Survey Shows Law Schools’ Renewed Commitment to Develop Practice-Ready Professionals
Law schools across the country have expanded their clinical and professionalism programs and implemented other curricular changes in recent years, according to a comprehensive, empirical ABA study.
“A Survey of Law School Curricula: 2002-2010,” published by the American Bar Association Section of Legal Education and Admissions to the Bar, found that the shifting economy and various calls for curricular reform prompted most schools to act, reflecting the schools’ desire to produce lawyers trained to practice in an evolving legal marketplace.
The 2010 survey builds on an empirical study the section conducted that examined law school curricula from 1992 to 2002. It uses the 2002 survey as a baseline to track changes and observe trends in law school curricula during the period between surveys.
“Our report offers empirical data to clarify the discussion of how law schools are preparing their students,” noted Hulett H. Askew, the ABA’s consultant on legal education. “The survey responses reveal a renewed commitment by law schools to review and revise their curricula to produce practice-ready professionals. The report illuminates the extent to which faculties and administrations have responded to the evolving needs of their students and to changes in the legal services industry.”
Survey editor Catherine Carpenter, a professor at Southwestern Law School in Los Angeles and chair of the ABA curriculum committee that produced the report, said the latest data show how law schools have responded both to a changing legal job market amid an economic downtown and to increased competition as the number of ABA-approved law schools has grown.
“Media scrutiny of legal education, and specifically of the law school curriculum, has also fueled the conversation,” Carpenter said.
Carpenter noted that “wholesale curricular review has produced experimentation and change at all levels of the curriculum, resulting in new programs and courses, new and enhanced experiential learning, and greater emphasis on various kinds of writing across the curriculum.”
Among the findings:
- Influences on curricular changes since 2002: Among the influences noted by law school respondents to this survey question, 76 percent of schools reported that the changing job market influenced curricular changes. In addition, 64 percent and 61 percent, respectively, cited as influential the 2007 reports “Educating Lawyers: Preparation for the Profession of Law” (Carnegie Foundation) and “Best Practices for Legal Education,” which both called for increased emphasis on professional skills and professionalism in the curriculum.
- Skills instruction: Law schools have increased all aspects of skills instruction—including clinical, simulation and externships—to meet recently adopted ABA Standard 302(a)(4), which requires that students receive “other professional skills” instruction.
- Pro bono: Although all law schools offer opportunities for pro bono service as required by the ABA, by 2010, 18 percent of law school respondents required students to fulfill pro bono hours for graduation, with schools reporting an average of 35 mandatory hours.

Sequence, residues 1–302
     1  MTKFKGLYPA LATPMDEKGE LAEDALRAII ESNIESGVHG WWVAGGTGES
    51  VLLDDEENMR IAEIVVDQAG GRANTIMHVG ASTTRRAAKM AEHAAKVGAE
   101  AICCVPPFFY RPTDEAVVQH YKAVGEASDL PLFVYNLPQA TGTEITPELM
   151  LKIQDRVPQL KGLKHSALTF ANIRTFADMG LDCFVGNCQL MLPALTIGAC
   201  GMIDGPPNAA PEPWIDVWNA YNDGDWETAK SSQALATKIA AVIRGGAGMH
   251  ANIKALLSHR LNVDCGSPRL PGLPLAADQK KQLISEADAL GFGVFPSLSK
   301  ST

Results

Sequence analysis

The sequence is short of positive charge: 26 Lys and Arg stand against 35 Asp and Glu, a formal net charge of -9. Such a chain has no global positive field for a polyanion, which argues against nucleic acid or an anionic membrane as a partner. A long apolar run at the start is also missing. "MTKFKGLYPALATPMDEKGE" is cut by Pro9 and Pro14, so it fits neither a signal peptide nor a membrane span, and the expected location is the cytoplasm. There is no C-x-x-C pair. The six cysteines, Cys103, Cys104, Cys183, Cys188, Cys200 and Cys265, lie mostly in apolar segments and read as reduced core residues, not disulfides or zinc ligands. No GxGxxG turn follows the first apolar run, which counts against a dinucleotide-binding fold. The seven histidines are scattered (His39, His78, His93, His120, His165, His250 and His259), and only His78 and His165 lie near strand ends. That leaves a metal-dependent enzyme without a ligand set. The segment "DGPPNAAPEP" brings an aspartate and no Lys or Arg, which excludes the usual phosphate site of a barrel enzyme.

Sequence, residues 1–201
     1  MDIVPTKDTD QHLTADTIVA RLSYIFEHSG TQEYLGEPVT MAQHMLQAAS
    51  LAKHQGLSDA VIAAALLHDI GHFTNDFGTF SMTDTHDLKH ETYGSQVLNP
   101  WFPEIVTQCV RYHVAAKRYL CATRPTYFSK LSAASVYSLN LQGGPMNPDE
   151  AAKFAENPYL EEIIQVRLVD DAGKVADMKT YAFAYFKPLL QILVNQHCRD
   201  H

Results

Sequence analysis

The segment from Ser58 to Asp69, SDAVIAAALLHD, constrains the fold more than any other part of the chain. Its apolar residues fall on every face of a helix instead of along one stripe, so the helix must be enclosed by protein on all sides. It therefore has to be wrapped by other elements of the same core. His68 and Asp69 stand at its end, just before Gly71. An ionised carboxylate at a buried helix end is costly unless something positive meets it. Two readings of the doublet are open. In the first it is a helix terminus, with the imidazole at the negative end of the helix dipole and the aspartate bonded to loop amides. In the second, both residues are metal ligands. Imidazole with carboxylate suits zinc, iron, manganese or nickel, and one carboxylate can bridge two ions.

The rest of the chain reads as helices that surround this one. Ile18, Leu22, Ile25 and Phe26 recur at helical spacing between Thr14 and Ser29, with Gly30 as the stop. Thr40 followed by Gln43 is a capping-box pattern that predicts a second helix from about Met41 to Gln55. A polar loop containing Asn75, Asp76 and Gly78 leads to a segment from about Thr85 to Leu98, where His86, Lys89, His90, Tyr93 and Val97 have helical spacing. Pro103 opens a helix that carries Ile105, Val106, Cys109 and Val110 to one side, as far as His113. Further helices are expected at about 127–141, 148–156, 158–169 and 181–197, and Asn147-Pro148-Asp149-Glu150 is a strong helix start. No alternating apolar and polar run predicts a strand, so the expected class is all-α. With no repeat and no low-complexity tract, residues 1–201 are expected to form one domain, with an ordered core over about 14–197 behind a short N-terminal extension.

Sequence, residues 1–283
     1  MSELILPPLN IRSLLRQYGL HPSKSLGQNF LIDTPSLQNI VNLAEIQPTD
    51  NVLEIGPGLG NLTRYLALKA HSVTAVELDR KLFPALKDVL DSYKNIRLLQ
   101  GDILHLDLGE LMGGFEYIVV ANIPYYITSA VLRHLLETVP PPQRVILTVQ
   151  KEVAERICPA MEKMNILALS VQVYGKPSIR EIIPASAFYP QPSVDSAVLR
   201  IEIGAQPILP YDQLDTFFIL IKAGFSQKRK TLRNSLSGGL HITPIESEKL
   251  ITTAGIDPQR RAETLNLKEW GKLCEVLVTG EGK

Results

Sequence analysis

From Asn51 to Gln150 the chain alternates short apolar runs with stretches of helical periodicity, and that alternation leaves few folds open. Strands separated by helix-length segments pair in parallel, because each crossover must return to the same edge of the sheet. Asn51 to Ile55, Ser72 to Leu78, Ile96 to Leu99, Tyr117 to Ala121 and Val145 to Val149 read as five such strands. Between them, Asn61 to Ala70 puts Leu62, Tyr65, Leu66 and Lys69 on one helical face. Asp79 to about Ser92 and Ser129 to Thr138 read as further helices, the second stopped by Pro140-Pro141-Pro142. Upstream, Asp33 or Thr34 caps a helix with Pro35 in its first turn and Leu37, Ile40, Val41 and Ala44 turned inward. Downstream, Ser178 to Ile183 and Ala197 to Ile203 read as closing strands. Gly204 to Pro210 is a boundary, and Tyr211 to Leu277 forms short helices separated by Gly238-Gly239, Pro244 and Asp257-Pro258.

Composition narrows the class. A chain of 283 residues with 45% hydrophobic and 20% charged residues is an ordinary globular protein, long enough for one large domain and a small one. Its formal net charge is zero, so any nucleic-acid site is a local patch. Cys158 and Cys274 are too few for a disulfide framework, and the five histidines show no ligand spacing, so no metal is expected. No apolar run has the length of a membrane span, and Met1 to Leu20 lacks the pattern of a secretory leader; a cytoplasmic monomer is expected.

- Joint-degree programs: Eighty-seven percent of all ABA-approved law schools offered joint degrees in 2010. The most popular continued to be the JD/MBA (masters in business administration) but the JD/MSW (masters of social work) experienced the most growth. An increasing number of law schools offered post-JD and non-JD degree programs in 2010.
- Academic support and bar preparation courses: Nearly all law school respondents offered an academic-support program for their students. Forty-nine percent of respondents offered a bar-preparation course for credit, with two-thirds of the law schools using full-time faculty resources in the course offering.
- Legal writing: Law schools have increased unit requirements for first year legal writing and have added legal-writing courses and course components to the upper-division curriculum.
The 2010 survey is organized into seven sections:
- Requirements for graduation: Includes credits and minutes required, upper-division course requirements, and joint degrees offered.
- First-year course requirements: Includes course and credit hours and specific question on first-year legal writing.
- Upper-division curriculum: Includes core and elective curriculum, skills and clinical offerings, and increases and decreases in particular areas of law.
- Academic support and bar readiness: Focuses on voluntary and mandatory academic-support programs and courses for first-year and upper-division students. Also included are questions regarding bar-preparation courses for credit, topic selection and use of faculty resources.
- Post-JD and non-JD degree programs. Includes subject matter, degrees awarded and credit allocation.
- Distance education. Includes policies permitting distance education instruction and online degrees and programs.
- Law school narratives on curricular changes and trends, 2002-2010: Includes reports from law schools on major curricular innovations and changes they have implemented since 2002 and the influences that inspired these changes.
The executive summary of “A Survey of Law School Curricula: 2002-2010″ is available online here. The full report will be released in advance of a presentation of the study Aug. 4 at the ABA Annual Meeting in Chicago.